Dubai: Saudi Crown Prince Mohammad Bin Salman told Egyptian media the Qatar issue was “very trivial” and that the entire population of Qatar was less than the number of people on one avenue in Egypt.
The crown prince, who was meeting editors-in-chief of Egyptian dailies on the sidelines of his three-day visit to Egypt, said the only way to settle the crisis with Qatar was the way the US dealt with Cuba in 1959, when relations between the two neighbours dramatically plummeted after the Cuban revolution.
The tensions led to the US severing its relations with Cuba and imposing an economic blockade that started in October 1960.
I disagree with HRH here on only one thing. The US was deprived of Cuban cigars during the crisis, but we in Saudi Arabia are not deprived of anything. Qatar has on the other hand lost everything, starting with pastures, and including its transformation from a peninsula into an isolated island.”
– Saud Al Qahtani | Adviser at Saudi Royal Court
The embargo was partly eased during the first term of former President Barack Obama.
Prince Mohammad reportedly said psychological complexes were behind the moves by Qatar’s rulers towards Arab nations.
Any minister in the Saudi cabinet can solve the Qatar crisis, he said, according to Saudi daily Okaz.
In his meeting with the Egyptian media, Prince Mohammad condemned the “hostile practices” by Tehran, stressing that the regime in Iran was a paper tiger.
He denied any form of oppression of the Shiites in Saudi Arabia.
“Shiites in Saudi Arabia contribute to the progress of the kingdom and hold leading positions,” he said.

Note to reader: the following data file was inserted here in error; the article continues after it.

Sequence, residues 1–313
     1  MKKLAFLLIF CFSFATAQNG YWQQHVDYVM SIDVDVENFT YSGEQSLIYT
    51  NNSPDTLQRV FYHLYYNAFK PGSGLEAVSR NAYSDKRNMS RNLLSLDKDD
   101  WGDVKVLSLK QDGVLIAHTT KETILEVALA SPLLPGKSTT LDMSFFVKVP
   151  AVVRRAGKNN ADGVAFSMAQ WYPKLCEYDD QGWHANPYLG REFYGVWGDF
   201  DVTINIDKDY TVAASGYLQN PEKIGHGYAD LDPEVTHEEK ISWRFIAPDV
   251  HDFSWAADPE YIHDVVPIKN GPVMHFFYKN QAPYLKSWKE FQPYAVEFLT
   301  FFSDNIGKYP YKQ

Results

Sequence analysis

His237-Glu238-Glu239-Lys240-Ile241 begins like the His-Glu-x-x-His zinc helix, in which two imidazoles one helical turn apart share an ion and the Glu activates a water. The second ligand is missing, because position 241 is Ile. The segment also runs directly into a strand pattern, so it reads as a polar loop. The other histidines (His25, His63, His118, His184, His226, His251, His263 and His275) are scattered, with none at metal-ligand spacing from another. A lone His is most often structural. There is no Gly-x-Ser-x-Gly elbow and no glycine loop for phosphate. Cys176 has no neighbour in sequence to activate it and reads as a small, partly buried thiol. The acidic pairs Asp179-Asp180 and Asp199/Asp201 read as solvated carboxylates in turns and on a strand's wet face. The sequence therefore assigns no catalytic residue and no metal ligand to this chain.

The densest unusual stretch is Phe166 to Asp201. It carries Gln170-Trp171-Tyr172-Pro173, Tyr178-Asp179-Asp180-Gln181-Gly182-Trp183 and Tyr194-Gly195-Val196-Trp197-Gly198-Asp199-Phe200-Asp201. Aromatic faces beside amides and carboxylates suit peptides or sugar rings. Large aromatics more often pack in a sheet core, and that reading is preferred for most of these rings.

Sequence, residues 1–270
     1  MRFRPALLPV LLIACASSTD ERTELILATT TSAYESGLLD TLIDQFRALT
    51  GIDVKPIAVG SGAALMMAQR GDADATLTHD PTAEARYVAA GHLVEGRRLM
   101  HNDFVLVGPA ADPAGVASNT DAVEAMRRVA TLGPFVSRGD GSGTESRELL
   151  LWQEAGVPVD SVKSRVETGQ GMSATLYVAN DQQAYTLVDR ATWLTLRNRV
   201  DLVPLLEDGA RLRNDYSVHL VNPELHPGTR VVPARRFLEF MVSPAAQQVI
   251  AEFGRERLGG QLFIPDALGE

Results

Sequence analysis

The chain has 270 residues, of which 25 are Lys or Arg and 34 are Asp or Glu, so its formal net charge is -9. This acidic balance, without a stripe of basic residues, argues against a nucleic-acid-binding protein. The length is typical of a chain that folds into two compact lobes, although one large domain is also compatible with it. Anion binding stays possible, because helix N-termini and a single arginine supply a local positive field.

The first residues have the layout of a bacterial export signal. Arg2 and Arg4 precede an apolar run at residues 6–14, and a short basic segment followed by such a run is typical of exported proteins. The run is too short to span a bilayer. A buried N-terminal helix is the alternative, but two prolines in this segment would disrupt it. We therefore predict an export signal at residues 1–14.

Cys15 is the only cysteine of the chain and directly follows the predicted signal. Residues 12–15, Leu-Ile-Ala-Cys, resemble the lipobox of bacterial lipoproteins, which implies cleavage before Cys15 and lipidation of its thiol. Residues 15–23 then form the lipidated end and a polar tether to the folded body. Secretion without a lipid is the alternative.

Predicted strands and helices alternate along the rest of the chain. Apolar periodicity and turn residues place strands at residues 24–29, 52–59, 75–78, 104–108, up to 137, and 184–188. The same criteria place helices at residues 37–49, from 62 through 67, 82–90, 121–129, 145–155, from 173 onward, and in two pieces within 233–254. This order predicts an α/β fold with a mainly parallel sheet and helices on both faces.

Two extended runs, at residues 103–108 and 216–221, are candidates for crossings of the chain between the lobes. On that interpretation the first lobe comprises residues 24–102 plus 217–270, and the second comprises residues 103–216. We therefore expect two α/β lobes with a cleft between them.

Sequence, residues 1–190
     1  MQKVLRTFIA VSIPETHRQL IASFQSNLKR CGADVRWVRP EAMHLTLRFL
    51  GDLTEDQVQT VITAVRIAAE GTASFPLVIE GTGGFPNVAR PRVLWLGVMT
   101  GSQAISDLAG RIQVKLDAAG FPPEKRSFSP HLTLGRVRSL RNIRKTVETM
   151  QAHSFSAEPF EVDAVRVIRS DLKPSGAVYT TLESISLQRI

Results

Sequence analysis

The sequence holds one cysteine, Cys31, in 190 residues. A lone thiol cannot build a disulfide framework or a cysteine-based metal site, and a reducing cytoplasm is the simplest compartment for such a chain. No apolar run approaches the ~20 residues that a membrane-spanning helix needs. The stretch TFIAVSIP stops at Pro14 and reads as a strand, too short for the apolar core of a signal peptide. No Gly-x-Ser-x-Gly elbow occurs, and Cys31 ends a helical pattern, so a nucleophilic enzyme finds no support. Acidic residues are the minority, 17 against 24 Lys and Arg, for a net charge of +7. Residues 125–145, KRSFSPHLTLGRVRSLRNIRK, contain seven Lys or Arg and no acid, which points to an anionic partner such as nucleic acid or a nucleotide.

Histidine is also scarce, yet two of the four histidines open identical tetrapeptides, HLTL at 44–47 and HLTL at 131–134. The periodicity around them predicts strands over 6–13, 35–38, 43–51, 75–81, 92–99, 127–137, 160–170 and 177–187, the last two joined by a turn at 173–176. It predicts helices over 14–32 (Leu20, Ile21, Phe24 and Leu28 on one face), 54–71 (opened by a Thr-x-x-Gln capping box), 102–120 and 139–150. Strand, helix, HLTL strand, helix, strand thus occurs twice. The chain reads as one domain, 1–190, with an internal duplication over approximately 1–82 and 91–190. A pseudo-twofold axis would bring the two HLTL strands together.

Regarding the war in Yemen, he said that it was nearing its end following the achievement of its goal of reinstating legitimacy in the confrontation against Al Houthi rebels.
Prince Mohammad said Saudi Arabia supported the Palestinians to establish their own independent state on the basis of the June 4, 1967 borders with East Jerusalem as its capital.
Domestic social reforms, including allowing women to drive and to attend football matches in stadiums, were not against genuine Islamic values, Prince Mohammad said.
“Islam is a religion of tolerance and we are opening a wide door to discuss all views in the kingdom. In the past, there was a 60 per cent rate of extremism, but today it is less than 10 per cent,” he said.
The reforms will have positive effects for the county’s economy and for the people, particularly young people, he added.
For instance, Saudis used to spend their holidays abroad, but they are now looking at spending them in the kingdom, he said.
Meanwhile, an adviser at the Royal Court, Saud Al Qahtani, who reported some of the prince’s remarks on his Twitter account, said he supported the statements on Qatar.
“However, I disagree with HRH here on only one thing. The US was deprived of Cuban cigars during the crisis, but we in Saudi Arabia are not deprived of anything. Qatar has on the other hand lost everything, starting with pastures, and including its transformation from a peninsula into an isolated island.”
Al Qahtani was referring to the decision by Saudi Arabia on June 5 last year to close the land border with Qatar, its only terrestrial link to the rest of the Gulf and Middle East.
The adviser confirmed that the Qatar crisis did not hold a major significance for Saudi Arabia.
“I will divulge a secret: The person in charge of the Qatar issue is a dear colleague at the Ministry of Foreign Affairs whose rank is Grade 12. The Qatar matter was referred to him in addition to his usual assignments.”
One commentator, Sami Al Yahya, said the Qatar issue did not take up more than 7 per cent of the ministry’s employees.
“This means that he can review it in the lift as he is heading to his office,” he posted.